Before health care reform, Republicans weren't always the party of 'No!'
They all rejected health care reform, but a great many Republicans once voted for the very programs – Social Security, Medicare, Medicaid – that conservatives now denounce as socialism.
Remember when Republicans in Congress were free men and women?
Not a single GOP member of Congress voted for the massive economic stimulus package last year. And the most significant act of social legislation in decades – healthcare reform – passed this year without a single Republican vote, either. Leading party figures have promised no cooperation with Democrats for the rest of the year.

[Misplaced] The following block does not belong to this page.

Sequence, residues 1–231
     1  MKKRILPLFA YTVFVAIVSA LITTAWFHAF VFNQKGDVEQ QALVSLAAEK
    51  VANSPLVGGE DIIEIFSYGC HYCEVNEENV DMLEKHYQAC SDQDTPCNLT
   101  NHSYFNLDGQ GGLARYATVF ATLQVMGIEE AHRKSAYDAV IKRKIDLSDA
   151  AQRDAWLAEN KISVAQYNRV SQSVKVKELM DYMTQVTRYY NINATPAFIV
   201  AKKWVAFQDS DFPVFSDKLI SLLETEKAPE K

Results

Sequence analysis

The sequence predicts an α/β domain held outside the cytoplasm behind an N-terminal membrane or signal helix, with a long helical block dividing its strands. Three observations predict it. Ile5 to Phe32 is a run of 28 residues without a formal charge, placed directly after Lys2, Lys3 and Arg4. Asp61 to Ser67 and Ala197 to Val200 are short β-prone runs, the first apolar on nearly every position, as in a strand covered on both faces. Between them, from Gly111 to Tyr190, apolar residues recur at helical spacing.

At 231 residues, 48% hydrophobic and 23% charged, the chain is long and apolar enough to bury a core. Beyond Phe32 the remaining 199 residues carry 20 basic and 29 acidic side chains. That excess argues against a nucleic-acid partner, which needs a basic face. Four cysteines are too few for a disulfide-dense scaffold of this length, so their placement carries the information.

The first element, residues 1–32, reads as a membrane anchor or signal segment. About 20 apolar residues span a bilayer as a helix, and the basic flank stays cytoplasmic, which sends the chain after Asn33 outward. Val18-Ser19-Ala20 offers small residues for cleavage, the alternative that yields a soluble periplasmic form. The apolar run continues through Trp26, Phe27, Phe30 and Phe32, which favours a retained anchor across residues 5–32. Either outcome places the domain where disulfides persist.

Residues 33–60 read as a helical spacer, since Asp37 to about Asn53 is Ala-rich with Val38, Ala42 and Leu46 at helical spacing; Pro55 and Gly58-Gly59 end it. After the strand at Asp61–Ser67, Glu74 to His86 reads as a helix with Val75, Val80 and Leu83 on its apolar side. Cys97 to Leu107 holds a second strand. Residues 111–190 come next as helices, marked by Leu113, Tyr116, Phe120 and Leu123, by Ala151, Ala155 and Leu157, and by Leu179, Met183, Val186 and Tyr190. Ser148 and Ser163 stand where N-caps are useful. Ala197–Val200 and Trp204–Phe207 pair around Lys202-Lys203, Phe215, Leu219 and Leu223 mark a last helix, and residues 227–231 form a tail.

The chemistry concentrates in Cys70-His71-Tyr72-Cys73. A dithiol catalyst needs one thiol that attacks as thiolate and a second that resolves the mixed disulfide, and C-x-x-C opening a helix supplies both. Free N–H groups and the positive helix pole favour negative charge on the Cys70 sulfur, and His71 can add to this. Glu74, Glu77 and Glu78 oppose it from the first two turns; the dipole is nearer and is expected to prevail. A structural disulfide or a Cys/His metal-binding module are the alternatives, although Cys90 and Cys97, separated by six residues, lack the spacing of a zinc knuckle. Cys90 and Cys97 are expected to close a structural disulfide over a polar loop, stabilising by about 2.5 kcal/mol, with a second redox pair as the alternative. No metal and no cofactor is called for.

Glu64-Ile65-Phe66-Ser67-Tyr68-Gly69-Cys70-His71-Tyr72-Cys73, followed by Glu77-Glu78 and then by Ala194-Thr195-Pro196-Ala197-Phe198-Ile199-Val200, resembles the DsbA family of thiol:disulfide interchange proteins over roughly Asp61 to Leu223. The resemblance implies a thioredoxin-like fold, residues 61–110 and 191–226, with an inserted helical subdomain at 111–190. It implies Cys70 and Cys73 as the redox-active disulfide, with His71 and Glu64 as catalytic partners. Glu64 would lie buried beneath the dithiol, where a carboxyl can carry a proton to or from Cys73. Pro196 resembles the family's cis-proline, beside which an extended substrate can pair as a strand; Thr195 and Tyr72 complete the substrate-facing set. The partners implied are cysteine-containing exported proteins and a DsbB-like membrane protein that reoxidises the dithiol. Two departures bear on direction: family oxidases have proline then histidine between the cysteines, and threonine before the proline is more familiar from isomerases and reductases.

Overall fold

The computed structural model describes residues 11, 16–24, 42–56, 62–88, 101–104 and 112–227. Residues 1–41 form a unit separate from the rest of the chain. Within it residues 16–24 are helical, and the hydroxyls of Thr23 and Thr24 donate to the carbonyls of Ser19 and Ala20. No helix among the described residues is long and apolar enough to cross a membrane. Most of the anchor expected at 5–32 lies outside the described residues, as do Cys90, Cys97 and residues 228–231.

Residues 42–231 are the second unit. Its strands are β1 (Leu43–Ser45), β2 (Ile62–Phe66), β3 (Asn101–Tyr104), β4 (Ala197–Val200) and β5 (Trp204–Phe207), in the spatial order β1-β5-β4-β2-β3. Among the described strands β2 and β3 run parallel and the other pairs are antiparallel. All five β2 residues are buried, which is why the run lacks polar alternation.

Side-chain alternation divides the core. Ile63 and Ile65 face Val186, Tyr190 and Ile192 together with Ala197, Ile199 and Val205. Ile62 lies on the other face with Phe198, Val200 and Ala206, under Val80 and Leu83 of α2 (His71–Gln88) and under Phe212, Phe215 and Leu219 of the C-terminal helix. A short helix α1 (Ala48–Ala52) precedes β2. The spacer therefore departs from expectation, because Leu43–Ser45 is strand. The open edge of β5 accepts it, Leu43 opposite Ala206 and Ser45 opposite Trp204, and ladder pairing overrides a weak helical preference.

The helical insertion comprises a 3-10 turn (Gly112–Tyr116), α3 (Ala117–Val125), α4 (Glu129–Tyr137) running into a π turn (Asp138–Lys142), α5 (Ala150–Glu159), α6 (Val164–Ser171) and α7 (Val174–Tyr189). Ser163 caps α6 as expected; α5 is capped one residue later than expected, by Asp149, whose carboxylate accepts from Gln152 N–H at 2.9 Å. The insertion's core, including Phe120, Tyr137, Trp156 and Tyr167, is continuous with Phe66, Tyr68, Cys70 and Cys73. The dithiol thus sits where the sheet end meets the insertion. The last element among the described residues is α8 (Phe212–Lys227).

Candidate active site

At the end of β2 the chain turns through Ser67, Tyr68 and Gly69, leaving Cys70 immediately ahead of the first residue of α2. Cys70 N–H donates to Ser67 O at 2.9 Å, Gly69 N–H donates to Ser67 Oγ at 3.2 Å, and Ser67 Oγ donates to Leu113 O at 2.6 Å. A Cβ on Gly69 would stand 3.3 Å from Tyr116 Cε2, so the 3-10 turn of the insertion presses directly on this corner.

No wonder the party is becoming known as the "G--P." Such extreme partisanship has not always been its hallmark. Many Republicans actually supported key social and economic bills proposed by liberal Democratic presidents Franklin Roosevelt and Lyndon Johnson.
Although many conservatives denounced it as "socialism," 84 percent of House Republicans and 76 percent of Senate Republicans voted in favor of Social Security in 1935. In light of the Republican plan to run on repealing healthcare reform, it is worth noting that the 1936 Republican presidential candidate, Alf Landon, ran against the "cruel hoax" and "paternal government" that he said Social Security represented. FDR trounced him.
It's been forgotten, but 80 percent of Republicans in both the House and Senate voted in favor of the Civil Rights Act of 1964. And 97 percent of Senate Republicans and 85 percent of House Republicans voted for the Voting Rights Act of 1965.